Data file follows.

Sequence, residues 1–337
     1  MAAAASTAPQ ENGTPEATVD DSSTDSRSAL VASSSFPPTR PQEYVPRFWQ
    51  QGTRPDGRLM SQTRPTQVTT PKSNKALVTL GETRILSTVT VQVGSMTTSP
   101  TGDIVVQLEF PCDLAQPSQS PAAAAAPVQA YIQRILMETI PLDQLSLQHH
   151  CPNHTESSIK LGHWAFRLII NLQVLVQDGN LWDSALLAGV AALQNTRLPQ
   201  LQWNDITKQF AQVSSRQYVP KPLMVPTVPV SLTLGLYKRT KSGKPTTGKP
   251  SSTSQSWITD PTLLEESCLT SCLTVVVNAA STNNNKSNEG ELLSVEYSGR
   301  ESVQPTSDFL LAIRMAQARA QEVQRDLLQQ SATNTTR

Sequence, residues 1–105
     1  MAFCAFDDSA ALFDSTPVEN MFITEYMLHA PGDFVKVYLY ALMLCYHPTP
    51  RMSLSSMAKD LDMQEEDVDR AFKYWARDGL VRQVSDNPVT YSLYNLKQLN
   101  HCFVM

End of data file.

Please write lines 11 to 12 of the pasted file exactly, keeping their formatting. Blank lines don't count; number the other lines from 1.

    51  RMSLSSMAKD LDMQEEDVDR AFKYWARDGL VRQVSDNPVT YSLYNLKQLN
   101  HCFVM